1) Do what you love.
You're going to devote a lot of time and energy to starting a business and building it into a successful enterprise, so it's really important that you truly deeply enjoy what you do, whether it be running fishing charters, creating pottery or providing financial advice.
2) Start your business while you're still employed.
How long can most people live without money? Not long. And it may be a long time before your new business actually makes any profits. Being employed while you're starting a business means money in your pocket while you're going through the starting a business process.
3) Don't do it alone.
You need a support system while you're starting a business (and afterwards). A family member or friend that you can bounce ideas off and who will listen sympathetically to the latest business start up crisis is invaluable. Even better, find a mentor or, if you qualify, apply for a business start up program such as The Self-Employment Program. When you're starting a business experienced guidance is the best support system of all.
4) Get clients or customers first.
Don't wait until you've officially started your business to line these up, because your business can't survive without them. Do the networking. Make the contacts. Sell or even give away your products or services. You can't start marketing too soon. (See Attracting New Business on a Shoestring Budget and The 7 Best Places to Find Clients for tips.)
5) Write a business plan.
The main reason for doing a business plan first when you're thinking of starting a business is that it can help you avoid sinking your time and money into starting a business that will not succeed. (See Why You Need a Business Plan for other good reasons.)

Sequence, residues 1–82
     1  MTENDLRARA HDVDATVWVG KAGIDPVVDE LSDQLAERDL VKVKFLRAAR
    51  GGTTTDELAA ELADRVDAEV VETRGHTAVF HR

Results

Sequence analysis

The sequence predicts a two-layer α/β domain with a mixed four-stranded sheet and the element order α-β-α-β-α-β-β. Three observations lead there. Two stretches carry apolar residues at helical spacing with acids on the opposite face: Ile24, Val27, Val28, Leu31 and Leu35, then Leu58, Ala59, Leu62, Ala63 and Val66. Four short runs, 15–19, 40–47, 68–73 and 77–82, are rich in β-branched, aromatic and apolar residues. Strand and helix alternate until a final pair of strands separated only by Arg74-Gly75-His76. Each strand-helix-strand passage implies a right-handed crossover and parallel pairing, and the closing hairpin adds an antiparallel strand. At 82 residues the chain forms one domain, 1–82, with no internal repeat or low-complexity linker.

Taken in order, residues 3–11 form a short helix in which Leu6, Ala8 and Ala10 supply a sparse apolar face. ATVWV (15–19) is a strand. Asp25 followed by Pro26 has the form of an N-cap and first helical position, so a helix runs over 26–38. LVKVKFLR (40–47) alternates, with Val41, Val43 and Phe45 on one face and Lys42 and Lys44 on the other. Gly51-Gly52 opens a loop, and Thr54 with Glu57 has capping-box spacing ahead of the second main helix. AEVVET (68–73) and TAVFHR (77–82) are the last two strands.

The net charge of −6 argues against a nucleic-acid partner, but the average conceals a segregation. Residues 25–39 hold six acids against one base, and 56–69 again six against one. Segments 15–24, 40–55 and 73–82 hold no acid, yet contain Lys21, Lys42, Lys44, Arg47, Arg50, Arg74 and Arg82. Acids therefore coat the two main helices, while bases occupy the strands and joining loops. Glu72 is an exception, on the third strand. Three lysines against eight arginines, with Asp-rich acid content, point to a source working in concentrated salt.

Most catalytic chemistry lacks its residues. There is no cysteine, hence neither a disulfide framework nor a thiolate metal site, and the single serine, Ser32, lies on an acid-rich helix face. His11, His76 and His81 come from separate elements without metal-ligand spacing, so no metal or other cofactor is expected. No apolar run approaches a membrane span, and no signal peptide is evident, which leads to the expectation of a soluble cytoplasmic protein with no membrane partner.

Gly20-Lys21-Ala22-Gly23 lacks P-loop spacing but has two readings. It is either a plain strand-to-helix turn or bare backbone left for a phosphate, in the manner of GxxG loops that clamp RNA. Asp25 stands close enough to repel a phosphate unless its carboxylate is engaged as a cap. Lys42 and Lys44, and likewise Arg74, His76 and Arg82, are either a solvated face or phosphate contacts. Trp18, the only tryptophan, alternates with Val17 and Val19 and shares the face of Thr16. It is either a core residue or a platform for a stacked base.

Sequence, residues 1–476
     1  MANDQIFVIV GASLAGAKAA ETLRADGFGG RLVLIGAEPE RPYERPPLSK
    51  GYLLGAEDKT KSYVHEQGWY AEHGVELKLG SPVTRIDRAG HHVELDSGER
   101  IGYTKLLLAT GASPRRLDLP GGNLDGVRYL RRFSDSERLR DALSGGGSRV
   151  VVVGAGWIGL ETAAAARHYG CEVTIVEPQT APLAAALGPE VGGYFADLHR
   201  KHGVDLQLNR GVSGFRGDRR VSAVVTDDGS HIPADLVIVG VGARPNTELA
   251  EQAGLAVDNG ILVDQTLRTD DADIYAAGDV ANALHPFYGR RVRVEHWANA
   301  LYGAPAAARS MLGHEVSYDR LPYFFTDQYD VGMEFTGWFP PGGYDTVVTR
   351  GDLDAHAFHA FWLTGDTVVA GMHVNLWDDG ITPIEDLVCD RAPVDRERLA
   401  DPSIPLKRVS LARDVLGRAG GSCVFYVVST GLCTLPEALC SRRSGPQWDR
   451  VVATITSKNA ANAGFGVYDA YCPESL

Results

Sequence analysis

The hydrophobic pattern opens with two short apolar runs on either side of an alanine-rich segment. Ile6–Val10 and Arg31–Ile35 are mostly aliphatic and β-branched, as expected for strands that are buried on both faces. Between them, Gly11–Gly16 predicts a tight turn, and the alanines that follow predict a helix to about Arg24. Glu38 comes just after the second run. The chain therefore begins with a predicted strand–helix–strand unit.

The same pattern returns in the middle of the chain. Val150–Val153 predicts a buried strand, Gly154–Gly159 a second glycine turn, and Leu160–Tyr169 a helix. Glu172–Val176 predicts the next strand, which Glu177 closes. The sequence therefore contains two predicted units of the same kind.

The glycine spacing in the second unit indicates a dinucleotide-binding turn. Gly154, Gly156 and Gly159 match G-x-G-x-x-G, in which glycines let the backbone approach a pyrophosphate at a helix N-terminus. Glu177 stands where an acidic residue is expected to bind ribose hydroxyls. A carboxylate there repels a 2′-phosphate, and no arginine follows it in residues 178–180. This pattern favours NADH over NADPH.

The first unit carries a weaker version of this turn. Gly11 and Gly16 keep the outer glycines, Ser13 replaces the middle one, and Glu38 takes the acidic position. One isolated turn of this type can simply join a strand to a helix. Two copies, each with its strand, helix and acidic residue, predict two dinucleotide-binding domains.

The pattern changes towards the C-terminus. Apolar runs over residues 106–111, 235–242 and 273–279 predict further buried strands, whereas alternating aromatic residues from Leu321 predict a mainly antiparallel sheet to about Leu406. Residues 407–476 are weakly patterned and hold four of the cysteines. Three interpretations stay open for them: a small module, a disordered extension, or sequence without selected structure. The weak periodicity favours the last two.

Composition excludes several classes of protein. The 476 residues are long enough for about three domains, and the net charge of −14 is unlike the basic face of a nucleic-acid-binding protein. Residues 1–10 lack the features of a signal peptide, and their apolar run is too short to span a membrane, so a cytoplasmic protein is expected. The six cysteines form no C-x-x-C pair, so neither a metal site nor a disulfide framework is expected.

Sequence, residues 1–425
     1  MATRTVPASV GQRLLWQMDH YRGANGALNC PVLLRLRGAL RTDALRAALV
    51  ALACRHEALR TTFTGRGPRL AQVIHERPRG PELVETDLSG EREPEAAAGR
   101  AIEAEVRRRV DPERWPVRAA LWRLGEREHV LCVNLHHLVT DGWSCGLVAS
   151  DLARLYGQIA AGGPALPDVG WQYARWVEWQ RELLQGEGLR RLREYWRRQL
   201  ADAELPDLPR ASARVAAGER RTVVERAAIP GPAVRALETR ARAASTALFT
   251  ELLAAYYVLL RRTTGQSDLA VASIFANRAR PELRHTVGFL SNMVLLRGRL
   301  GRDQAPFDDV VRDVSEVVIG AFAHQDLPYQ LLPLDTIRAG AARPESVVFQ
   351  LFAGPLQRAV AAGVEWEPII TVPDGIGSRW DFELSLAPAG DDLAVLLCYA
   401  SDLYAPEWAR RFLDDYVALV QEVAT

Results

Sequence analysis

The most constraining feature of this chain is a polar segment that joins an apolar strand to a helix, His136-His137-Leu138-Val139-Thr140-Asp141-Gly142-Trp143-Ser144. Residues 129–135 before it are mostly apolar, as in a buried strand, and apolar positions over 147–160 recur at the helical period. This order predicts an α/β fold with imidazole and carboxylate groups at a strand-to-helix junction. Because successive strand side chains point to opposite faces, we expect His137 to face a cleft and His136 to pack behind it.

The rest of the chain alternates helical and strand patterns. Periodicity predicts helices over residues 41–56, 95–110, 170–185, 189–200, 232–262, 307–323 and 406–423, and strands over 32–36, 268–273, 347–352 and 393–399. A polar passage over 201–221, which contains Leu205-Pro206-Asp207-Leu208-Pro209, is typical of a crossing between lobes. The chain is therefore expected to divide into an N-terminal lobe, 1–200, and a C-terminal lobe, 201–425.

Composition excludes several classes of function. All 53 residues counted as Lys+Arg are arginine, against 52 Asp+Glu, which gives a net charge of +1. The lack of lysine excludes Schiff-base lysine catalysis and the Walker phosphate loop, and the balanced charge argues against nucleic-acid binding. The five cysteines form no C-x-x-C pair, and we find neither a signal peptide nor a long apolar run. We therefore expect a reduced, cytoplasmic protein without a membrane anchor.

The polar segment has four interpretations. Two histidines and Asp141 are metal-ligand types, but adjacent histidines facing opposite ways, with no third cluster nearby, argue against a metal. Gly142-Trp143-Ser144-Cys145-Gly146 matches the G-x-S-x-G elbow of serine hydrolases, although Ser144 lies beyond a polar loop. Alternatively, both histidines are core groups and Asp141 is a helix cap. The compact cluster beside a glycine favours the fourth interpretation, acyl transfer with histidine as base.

Remember, you don't have to work through a full scale business plan for each new business idea you come up with; my Quick-Start Business Plan, for instance, will let you test the potential of your business idea much more quickly.
6) Do the research.
You'll do a lot of research writing a business plan, but that's just a start. When you're starting a business, you need to become an expert on your industry, products and services if you're not already. Joining related industry or professional associations before you start your business is a great idea.
7) Get professional help.
On the other hand, just because you're starting a business, doesn't mean you have to be an expert on everything. If you're not an accountant or bookkeeper, hire one (or both).(These Tips for Finding a Good Accountant may be useful.) If you need to write up a contract, and you're not a lawyer, hire one. You will waste more time and possibly money in the long run trying to do things yourself that you are not qualified to do.
8) Get the money lined up.
Save up if you have to. Approach potential investors and lenders. Figure our your financial fall-back plan. Don't expect to start a business and then walk into a bank and get money. Traditional lenders don't like new ideas and don't like businesses without proven track records.
9) Be professional from the get-go.
Everything about you and the way you do business needs to let people know that you are a professional running a serious business. That means getting all the accoutrements such as professional business cards, a business phone and a business email address, and treating people in a professional, courteous manner.
10) Get the legal and tax issues right the first time.
It's much more difficult and expensive to unsnarl a mess afterwards. Does your business need to be registered? Will you have to charge GST or PST? Will you have to have Workers' Compensation Insurance or deal with payroll taxes? How will the form of business you choose affect your income tax situation? Learn what your legal and tax responsibilities are before you start your business and operate accordingly.
Following the advice on starting a business above will make starting a business both a smoother, less stressful process and go a long way towards ensuring the business you start lasts and thrives.